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Polyvagal Safety & How to Use It

You’ve heard about this Polyvagal stuff and are interested to learn more. Specifically, what the heck is the safety stuff and how to use it? A great question!




What is Polyvagal Safety?

As I am apt to point out often on the podcast, Polyvagal safety is a reference to biology first and foremost. In the PVT, we are discussing biology. Not simply feelings. Not just “trauma responses.” But biology. Polyvagal safety refers to the ventral vagal pathways of the autonomic nervous system.


When active, these ventral vagal pathways result in your ability to connect with yourself and with others. They allow you to socially engage and provide cues of safety to another, a process called co-regulation. When you’re in your safety state, you can then: smile genuinely, use vocal prosody, make eye crinkles from listening or smiling and get close physically to another.


You also are able to use a couple of Polyvagal mixed states - play and stillness. Meaning, you can mobilize while socially engaged in play and/or you can immobilize without fear in stillness. If the safety state is not active, then these mixed states and their resulting behaviors and experiences are not possible.


Of course, you can learn a lot more about the Polyvagal Theory in my Polyvagal 101 course. It covers the essentials of the Polyvagal Theory in a self-paced course. You’ll also be able to join me once a month in an Open Office Hour to ask questions about the PVT or other topics of interest.


You’re probably wondering how to access your Polyvagal state of safety and social engagement. A fair question.





Accessing Polyvagal Safety

To access Polyvagal safety, you need a couple basic things:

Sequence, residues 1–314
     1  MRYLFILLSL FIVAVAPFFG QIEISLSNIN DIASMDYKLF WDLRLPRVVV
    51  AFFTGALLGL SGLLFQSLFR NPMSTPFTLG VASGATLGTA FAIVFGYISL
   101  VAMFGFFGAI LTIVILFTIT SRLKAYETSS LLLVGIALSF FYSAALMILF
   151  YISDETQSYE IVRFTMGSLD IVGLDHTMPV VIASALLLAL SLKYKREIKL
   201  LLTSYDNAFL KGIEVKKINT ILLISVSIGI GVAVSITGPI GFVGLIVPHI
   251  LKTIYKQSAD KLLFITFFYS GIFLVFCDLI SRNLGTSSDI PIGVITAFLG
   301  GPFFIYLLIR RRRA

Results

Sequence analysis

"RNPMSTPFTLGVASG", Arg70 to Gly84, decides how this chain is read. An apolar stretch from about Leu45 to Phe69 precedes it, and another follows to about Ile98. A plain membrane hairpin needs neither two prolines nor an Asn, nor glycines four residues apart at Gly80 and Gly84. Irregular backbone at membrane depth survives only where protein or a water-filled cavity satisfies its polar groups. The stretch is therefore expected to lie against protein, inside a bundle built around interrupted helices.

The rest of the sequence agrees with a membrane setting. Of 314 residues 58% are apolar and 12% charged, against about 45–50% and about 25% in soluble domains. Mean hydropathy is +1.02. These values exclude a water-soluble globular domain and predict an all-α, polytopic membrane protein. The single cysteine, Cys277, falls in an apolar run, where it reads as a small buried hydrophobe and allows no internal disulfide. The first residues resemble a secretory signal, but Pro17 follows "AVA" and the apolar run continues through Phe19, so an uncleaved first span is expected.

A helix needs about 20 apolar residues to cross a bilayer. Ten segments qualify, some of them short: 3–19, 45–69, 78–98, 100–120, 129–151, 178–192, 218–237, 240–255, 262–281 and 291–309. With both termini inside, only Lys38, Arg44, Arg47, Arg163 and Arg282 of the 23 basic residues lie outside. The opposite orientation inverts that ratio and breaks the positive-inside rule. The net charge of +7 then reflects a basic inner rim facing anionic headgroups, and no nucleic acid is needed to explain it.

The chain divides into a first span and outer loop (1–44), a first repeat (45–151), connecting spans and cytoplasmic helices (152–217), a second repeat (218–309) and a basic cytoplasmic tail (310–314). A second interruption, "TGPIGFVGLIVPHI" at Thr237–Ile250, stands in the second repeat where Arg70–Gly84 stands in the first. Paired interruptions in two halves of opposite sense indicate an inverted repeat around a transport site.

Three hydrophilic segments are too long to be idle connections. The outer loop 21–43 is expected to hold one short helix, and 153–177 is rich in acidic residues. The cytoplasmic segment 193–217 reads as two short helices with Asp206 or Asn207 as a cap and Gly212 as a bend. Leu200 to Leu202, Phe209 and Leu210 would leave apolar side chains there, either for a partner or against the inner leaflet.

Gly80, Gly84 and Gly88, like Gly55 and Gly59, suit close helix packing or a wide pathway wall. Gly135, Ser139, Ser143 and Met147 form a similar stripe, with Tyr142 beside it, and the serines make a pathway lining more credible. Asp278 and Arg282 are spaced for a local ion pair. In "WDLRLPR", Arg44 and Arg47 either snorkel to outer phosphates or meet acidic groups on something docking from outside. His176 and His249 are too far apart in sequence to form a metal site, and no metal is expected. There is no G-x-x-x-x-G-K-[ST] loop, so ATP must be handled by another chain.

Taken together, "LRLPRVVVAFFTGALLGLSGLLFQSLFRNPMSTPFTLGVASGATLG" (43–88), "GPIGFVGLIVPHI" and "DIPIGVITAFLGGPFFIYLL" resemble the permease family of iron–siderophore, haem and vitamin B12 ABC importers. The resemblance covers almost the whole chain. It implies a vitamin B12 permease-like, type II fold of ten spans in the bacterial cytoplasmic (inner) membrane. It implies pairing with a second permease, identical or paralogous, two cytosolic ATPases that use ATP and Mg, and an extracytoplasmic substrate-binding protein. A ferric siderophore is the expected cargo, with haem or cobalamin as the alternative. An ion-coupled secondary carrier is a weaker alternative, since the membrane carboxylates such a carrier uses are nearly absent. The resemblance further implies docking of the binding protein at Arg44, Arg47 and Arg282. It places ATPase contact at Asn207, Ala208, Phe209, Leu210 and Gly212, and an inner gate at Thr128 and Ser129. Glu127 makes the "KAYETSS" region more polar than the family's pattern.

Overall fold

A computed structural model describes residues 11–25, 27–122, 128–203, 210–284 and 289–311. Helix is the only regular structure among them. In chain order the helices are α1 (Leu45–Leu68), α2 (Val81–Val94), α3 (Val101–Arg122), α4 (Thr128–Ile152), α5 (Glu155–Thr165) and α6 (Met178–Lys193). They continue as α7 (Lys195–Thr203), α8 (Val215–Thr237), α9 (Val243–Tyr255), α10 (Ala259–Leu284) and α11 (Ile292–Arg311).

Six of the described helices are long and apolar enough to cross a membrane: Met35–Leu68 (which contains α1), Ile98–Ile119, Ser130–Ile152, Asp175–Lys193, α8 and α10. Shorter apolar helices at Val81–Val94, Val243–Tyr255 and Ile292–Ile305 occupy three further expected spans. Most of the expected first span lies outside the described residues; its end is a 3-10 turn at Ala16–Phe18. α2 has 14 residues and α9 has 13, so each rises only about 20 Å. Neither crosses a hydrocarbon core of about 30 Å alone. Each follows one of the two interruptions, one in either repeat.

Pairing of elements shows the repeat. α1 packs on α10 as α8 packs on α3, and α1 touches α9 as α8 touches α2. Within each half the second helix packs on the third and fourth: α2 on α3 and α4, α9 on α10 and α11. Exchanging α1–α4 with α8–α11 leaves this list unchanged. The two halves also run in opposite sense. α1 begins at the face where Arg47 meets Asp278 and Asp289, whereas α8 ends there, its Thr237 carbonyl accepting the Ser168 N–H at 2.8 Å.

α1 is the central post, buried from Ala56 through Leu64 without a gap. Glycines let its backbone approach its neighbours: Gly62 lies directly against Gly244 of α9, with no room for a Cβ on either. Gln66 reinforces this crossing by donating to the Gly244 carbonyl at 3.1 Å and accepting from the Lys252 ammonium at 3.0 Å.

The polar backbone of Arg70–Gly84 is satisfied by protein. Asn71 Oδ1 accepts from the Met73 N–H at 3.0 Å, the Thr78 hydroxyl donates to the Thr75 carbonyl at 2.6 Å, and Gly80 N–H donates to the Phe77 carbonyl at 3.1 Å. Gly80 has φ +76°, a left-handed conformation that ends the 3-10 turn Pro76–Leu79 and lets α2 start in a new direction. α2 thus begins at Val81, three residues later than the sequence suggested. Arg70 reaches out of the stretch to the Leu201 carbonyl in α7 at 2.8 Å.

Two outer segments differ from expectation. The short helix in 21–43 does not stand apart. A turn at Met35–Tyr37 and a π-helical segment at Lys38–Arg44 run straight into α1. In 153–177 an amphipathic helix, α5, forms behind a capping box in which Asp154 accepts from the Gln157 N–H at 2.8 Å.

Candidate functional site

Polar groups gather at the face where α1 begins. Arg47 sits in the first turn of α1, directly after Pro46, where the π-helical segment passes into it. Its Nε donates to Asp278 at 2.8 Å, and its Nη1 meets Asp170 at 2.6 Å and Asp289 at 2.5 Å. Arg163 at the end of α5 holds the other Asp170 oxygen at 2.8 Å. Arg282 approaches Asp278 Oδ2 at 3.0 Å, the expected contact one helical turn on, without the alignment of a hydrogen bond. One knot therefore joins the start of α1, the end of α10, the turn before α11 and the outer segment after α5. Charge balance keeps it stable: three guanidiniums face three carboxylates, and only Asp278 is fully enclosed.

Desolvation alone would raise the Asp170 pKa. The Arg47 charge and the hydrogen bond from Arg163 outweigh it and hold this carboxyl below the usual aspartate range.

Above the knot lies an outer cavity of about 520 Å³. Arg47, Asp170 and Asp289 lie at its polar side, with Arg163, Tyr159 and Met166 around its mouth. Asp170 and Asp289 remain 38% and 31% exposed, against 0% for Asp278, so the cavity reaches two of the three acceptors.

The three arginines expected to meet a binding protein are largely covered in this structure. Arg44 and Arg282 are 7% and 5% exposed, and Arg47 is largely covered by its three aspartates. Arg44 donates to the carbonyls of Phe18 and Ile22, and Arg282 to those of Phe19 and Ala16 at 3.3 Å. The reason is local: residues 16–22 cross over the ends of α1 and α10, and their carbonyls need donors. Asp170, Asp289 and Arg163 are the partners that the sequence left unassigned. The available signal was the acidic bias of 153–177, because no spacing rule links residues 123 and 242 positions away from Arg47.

1. Environmental safety - You need literal safety. To be free from actual danger to your person. This also includes a more subtle form of "safety," which involves passive cues of safety from the environment. Things like the hums of electronics, loud sounds, harsh lighting and crowded spaces will all give you cues of danger, even though they are not literally dangerous.

  2. Interpersonal safety - Again, literal safety. To be free from danger from others. But it's more than that. This involves receiving co-regulative cues of safety from others. Smiles, eye crinkles, vocal prosody, you get the idea...

Having these two pieces are essential to accessing the Polyvagal state of safety and social engagement. However, it may not be that simple. Duh.


If you live in a traumatized defensive state, then accessing and remaining in your state of safety is a significant challenge. Those pathways may not be developed enough yet. Feeling your safety state might be uncomfortable, things like feeling trust and vulnerability. It's exceedingly important that you not only access safety once, but continue to do so. So on top of the two things listed above, you also need to have a third, which is to practice being in safety.


Building Polyvagal Safety

The safety state needs to be exercised, just like anything else. Through exercising it, you build the strength of the pathways. This builds the strength of your "vagal brake," (another Polyvagal concept) which is the influence of the social engagement system on the heart, keeping it at a calmer pace and keeping sympathetic energy from activating.


Polyvagal safety is not something to be used. It's something to be developed. It's not something you can make a conscious choice to turn off or on.


You can definitely increase the chances of your safety state being active. You can do so through creating passive safety cues for yourself in your environment. In BSA, this is the starting point for building safety. Creating environmental safety cues. From there, you can then create active safety cues. These would be activities that you can do, like mindfully using your senses or movement, to feel more safety in your system. If you can mindfully do so, you can then exercise and increase the safety pathways.




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